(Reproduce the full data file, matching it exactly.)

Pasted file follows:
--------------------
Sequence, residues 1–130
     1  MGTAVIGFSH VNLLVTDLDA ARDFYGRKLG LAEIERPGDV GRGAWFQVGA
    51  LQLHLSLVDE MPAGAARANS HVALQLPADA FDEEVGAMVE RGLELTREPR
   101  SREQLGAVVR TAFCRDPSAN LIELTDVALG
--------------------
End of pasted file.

Sequence, residues 1–130
     1  MGTAVIGFSH VNLLVTDLDA ARDFYGRKLG LAEIERPGDV GRGAWFQVGA
    51  LQLHLSLVDE MPAGAARANS HVALQLPADA FDEEVGAMVE RGLELTREPR
   101  SREQLGAVVR TAFCRDPSAN LIELTDVALG